Actually, not so much. While the vast, vast catalog of Netflix does include a handful of high-quality series and movies, the overwhelming majority of it consists of B-grade fare that is there simply for the sake of volume. There are endless series and movies from amateurish production companies in South Korea, Poland, Romania, and Colombia. Plus all the stuff that never made the top tier of the American film industry.

I’m sure there are a few hidden gems among all those lumps of coal. But who has the time to sort all of that out?

Streaming options for a random movie

Meanwhile, what about something I know that I do want to see? I’ve been wanting to watch the World War II movie Greyhound, starring Tom Hanks, since it was released in 2020.

Four years later, Greyhound is no longer a new movie. It’s actually kind of an old one. Greyhound ought to be on Netflix, right? After all, Netflix has room for all those series dubbed from Korean, Romanian, and Spanish. They ought to have Greyhound.

Netflix doesn’t have Greyhound.

If I want to see Greyhound, I have to get an Apple TV+ subscription for $9.99/month.

Wait! I already have a Netflix subscription at $22.99 per month. (Netflix recently raised the prices of all its plans.)

But if I want to see a single 4-year-old movie, I have to get an Apple TV+ subscription, too.

My other option is decidedly un-digital and unhip: I could buy the DVD on Amazon.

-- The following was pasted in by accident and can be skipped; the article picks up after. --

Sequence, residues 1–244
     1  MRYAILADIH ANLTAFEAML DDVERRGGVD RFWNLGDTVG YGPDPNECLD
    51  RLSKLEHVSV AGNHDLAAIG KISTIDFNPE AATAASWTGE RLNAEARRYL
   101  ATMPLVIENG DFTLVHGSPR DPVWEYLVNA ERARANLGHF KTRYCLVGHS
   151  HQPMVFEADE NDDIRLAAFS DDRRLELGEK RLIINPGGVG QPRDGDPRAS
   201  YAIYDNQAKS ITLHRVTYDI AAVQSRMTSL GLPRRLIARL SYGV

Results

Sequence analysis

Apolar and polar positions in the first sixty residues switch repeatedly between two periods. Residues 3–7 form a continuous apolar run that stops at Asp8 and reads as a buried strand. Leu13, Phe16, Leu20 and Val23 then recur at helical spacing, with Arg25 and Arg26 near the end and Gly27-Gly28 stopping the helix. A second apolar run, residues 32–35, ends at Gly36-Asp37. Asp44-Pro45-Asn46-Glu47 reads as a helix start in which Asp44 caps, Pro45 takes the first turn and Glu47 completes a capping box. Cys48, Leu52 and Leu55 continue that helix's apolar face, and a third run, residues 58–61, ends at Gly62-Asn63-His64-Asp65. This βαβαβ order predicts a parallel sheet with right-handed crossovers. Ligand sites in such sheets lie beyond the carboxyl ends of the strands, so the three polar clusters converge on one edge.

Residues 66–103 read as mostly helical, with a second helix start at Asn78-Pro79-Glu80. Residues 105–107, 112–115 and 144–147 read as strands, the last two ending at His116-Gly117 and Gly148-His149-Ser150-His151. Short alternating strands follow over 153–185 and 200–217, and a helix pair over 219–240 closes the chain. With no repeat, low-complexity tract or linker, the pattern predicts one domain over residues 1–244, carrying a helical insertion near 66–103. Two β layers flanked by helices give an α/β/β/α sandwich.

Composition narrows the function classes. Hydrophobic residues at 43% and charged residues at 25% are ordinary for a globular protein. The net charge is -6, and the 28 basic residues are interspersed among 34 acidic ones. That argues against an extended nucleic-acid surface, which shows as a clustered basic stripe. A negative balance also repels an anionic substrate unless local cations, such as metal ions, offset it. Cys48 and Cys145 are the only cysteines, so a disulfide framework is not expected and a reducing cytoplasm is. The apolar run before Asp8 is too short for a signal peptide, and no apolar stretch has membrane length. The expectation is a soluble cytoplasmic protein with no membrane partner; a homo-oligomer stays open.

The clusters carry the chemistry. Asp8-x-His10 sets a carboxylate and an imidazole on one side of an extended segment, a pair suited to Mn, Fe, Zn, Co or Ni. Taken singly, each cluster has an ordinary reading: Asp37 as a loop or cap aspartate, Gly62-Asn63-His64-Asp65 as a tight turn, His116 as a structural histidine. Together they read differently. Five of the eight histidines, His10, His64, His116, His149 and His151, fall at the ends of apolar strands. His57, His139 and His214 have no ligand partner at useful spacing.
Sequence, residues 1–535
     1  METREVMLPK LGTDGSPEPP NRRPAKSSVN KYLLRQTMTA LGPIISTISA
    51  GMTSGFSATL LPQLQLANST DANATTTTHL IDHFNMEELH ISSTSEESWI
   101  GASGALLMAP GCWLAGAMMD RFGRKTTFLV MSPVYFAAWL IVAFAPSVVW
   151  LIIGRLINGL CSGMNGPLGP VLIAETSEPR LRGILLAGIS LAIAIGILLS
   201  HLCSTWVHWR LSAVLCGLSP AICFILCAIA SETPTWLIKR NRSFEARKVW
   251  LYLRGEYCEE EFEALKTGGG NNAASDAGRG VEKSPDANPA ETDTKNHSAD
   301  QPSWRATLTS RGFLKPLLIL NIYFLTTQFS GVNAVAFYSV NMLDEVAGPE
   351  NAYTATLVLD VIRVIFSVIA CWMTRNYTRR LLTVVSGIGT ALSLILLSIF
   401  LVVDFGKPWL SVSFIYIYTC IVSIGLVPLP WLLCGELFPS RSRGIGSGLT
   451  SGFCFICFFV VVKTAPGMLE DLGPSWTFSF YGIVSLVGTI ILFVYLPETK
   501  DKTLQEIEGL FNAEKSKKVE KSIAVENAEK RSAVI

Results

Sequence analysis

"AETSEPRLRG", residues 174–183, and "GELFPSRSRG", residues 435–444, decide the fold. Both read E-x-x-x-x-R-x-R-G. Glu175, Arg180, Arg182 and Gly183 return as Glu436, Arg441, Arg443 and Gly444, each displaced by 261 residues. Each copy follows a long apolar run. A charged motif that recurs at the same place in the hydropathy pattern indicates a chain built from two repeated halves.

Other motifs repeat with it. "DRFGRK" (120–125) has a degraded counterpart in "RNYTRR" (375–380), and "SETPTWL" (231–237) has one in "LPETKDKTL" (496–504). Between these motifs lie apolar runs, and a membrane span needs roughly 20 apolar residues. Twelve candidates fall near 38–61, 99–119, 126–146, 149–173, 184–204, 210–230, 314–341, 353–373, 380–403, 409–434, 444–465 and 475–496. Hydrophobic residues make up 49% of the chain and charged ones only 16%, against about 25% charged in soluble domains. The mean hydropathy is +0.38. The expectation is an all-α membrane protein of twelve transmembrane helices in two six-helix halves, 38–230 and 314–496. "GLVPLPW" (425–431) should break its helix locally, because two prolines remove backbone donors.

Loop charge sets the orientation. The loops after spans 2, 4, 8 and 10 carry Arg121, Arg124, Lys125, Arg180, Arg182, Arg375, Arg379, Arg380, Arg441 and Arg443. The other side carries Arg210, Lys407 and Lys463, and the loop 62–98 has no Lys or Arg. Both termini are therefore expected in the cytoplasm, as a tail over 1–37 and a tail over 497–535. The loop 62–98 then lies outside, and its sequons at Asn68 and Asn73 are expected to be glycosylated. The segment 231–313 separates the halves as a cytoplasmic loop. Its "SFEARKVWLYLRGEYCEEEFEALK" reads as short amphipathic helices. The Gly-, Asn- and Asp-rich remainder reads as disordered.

That’s probably what I’ll end up doing.

Streaming options for a favorite series

The Americans, a spy drama about a family of Soviet sleeper agents in Reagan-era America, is my all-time favorite TV series. The Americans originally ran on FX from 2013 to 2018.

I wouldn’t mind watching The Americans again. It was my all-time favorite show, after all.

The Americans ought to be on Netflix, right?

No, The Americans is not on Netflix.

How about Amazon Prime Video, then? (I pay $139 per year for an Amazon Prime Membership.)

Nope. The Americans is not on Amazon Prime Video, either. (BTW, neither is Greyhound.)

If I want to see The Americans, my first option is to purchase a digital copy of each episode at $1.99 per episode. There are 75 of them in total, so that comes out to $150.

I also have the option of buying a Hulu subscription. Hulu recently licensed The Americans. The ad-free Hulu subscription costs $17.99 per month.

So far, this streaming stuff doesn’t seem all that great.

Were the 1980s better?

Before we answer that question, let’s consider why the present age might be much worse.

A few years back, someone (?) decided that we all wanted to watch TV on our 6.1-inch phone screens, instead of actual televisions.

Why? Who knows? Personally, I’d much rather watch a movie on the screen of a 55-inch Sony Bravia TV, for example. I have no interest in watching a two-hour movie on the 6.1-inch screen of my iPhone. It’s a simple matter of geometry.

The infatuation with mobile devices led inexorably to streaming. We couldn’t expect people to mess with physical media anymore. Physical media was no longer cool.

So instead we now have to manage a score of monthly streaming subscriptions. Netflix has its own walled garden. Ditto for Hulu, Apple TV+, Disney+, Paramount +, and many others.

Such is the price of so-called progress. We’re paying a lot of money, and often getting a lot less, just because the market has bought into the latest technology.